Three West Midlands cities have started work on a major initiative to help the region's communities get the maximum benefit from migration.
This includes improving migrants’ and refugees’ sense of belonging by offering services including language classes, employment support and the chance to learn new skills.
In October 2017 the EU’s Urban Innovation Actions Fund awarded more than £4m to Coventry, Birmingham and Wolverhampton for their ‘MiFriendly Cities’ project. The fund provides urban areas throughout Europe with resources to test new and unproven solutions to address urban challenges.
This West Midlands Combined Authority-backed initiative will see the three cities working with eight other partners from the private and voluntary sectors to roll out a three-year programme of activities designed in partnership with refugees and migrants and largely delivered by them.
Plans for the project include:
The West Midlands is the most diverse region in the UK outside Greater London – and the second most diverse in the European Union – with over 100 languages spoken daily within its borders. On the award of this grant,
Cllr Abdul Khan, Deputy Council Leader and Cabinet Member for Policing and Equalities, said: “Coventry has a long and proud history of opening it arms and welcoming people who choose to make the city their home. I’m delighted with this award and I’m excited about the projects it will help deliver not just in Coventry but across the West Midlands. The MiFriendly Cities project recognises the valuable contribution refugees and migrants make to our communities and how we can all benefit from their integration.”
Coventry University vice-chancellor, John Latham, said: “It’s testament to the rich diversity and pioneering work of the West Midlands region that our leading cities are attracting this level of funding from Europe to act as models of good practice in helping migration benefit everyone. I’m quite sure I speak for all involved when I say we’re proud to be reaching out a welcoming hand to migrants and refugees, and to be creating an example for other areas of the country, and the continent, to follow.”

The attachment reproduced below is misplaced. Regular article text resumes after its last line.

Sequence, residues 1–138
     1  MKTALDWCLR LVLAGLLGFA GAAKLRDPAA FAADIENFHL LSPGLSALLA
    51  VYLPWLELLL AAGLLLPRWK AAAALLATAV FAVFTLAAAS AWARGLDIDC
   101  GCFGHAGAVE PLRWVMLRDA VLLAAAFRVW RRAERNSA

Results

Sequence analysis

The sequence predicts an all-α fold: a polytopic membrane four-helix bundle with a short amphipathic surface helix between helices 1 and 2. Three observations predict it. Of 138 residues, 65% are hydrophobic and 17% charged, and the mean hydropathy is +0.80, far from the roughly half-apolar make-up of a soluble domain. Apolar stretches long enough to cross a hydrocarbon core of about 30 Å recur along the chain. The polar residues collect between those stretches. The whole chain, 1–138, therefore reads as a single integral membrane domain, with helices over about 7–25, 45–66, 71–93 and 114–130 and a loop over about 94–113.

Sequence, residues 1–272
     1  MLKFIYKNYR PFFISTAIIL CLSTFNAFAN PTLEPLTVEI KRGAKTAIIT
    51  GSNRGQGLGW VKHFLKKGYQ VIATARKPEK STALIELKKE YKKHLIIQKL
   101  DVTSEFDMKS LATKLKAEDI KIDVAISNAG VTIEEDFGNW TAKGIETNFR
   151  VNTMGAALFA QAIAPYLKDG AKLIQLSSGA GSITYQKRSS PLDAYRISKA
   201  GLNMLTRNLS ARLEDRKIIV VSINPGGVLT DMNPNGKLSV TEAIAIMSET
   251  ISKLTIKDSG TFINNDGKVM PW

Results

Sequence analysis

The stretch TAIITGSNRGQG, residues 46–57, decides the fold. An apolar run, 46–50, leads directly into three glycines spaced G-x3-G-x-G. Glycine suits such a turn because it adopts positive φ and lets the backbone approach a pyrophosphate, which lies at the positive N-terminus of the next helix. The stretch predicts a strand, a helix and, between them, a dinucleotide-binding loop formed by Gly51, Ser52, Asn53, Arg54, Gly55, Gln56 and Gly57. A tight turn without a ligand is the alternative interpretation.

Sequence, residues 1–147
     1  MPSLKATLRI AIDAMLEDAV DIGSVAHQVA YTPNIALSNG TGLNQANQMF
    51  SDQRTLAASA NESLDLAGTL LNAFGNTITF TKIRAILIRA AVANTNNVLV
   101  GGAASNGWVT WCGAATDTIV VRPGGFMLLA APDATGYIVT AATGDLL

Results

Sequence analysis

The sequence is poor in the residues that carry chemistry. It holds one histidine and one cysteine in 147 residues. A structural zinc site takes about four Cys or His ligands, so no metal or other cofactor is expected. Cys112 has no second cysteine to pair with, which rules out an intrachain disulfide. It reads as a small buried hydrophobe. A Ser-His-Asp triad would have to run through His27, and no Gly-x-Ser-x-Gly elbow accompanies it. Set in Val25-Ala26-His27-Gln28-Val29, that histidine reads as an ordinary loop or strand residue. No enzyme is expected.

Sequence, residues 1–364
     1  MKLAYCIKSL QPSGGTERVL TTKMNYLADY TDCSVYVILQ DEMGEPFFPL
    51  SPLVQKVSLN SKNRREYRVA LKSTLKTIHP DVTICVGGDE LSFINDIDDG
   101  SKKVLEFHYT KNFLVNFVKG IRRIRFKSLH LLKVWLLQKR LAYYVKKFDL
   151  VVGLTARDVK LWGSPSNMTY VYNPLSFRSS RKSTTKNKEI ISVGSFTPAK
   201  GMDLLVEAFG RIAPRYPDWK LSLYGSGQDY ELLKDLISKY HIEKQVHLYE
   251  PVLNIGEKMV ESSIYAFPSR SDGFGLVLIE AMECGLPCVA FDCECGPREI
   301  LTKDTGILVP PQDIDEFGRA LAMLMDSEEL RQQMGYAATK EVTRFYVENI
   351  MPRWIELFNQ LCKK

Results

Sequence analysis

Nazek Ramadan, director of Migrant Voice, said: “After a recent parliamentary report explained how the tone of some of the media debate on migration is damaging integration, it’s more important than ever that we pursue creative ways to challenge division and bring people together. When migrants are listened to and our contribution valued the whole community benefits.
We are thrilled about this funding, which will enable us and our partners to make a real difference to marginalised people and to the future of integration in the West Midlands.”
Sue Lukes, MigrationWork Chair, said: “De-industrialising cities across Europe are grappling with a range of challenges, including migration. This project offers cities in the West Midlands a fantastic opportunity to learn from each other, as well as other European cities, about how best to tap into the creativity and innovation of their migrant citizens.”
Toni Soni, Centre Director, Coventry Refugee and Migrant Centre said: “This project will provide opportunities for all communities to engage in improving social cohesion and integration, and helping to build a more united and prosperous future for the region. We are delighted to be part of it!”
The “MiFriendly Team” will be getting in touch soon to share further details of this project. In the meantime , if you would like to get involved in the project , please email us at MiFriendlycities@coventry.gov.uk.